To be guilty of breach of Section 216 a person must have been a director or shadow director within a period of 12 months prior to the date of insolvency.

The penalties if found guilty include imprisonment, a fine or both, together with personal liability for the debts of the new company. In addition any person who knowingly acted under instruction from the guilty party can incur personal liability to contribute to the debts of the new company.

This Section defines actions that are similar to those dealt with in Section 238 Transactions at Undervalue but removes the time limits.

The penalties for successful prosecution by a liquidator, administrator, or supervisor of a voluntary arrangement are broadly in line with those for breach of Section 238.

When an officer, liquidator, administrator, administrative receiver, manager or promoter of a company breaches their fiduciary duty, by misapplying, retaining or becoming accountable for any money or property of the company.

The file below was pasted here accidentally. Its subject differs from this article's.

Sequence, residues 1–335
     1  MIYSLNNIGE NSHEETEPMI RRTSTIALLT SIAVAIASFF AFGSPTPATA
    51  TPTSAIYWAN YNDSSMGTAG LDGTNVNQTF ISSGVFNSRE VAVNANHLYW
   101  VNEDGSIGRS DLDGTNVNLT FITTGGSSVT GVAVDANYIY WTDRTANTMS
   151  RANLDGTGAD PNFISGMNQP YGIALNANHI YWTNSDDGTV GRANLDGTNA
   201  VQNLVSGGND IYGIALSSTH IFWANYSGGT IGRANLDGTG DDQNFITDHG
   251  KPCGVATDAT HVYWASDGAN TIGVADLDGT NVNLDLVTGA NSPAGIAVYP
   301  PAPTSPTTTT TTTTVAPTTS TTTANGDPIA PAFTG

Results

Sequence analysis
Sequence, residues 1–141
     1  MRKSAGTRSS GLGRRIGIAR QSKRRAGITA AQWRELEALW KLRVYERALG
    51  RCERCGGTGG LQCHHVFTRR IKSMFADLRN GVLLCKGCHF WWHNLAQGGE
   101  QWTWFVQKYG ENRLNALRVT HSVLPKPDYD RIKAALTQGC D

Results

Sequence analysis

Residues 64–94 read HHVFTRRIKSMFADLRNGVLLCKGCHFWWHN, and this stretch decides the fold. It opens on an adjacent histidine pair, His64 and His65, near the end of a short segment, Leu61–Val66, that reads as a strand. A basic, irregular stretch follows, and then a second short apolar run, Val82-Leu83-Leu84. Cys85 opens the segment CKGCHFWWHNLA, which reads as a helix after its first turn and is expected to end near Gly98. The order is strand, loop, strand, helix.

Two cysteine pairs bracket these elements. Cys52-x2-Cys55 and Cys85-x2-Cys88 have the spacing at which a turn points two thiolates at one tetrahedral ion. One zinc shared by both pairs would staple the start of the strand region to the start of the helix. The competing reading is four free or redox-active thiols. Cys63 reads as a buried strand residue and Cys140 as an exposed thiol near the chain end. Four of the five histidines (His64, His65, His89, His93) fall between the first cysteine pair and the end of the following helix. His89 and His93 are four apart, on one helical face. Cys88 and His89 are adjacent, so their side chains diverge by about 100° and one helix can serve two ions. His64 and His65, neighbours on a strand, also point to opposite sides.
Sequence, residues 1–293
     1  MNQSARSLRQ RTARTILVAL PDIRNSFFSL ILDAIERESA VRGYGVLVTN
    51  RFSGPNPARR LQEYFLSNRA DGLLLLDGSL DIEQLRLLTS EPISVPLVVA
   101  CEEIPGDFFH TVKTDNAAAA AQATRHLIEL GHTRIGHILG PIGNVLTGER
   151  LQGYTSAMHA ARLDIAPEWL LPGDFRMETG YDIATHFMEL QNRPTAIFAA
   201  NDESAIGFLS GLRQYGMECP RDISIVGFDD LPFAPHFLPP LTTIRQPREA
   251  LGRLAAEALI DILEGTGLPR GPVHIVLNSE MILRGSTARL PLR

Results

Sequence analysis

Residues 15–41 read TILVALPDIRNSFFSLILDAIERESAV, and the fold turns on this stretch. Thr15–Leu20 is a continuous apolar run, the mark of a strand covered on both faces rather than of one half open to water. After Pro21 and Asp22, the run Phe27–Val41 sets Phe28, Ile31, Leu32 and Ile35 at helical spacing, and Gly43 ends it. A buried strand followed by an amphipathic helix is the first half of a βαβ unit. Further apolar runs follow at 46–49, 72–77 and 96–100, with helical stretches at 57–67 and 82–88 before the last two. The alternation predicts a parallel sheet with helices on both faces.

A liquidator or Official Receiver may bring an action for misfeasance against all or any of the above parties, who if found guilty may be required to repay, restore or account with interest in respect of the money or property misappropriated, or contribute by way of compensation such amount as the court sees fit.

You conduct a transaction with any party n which the company receives significantly less, either in money or moneys worth than the value of that which it has released to the other party.

The relevant time period for a transaction at undervalue is the same as for a preference transaction, that is a liquidator or administrator can bring an action in respect of transactions that occurred with 2 year period prior to the date of insolvency in the case of associated parties and 6 months in the case of non associated parties.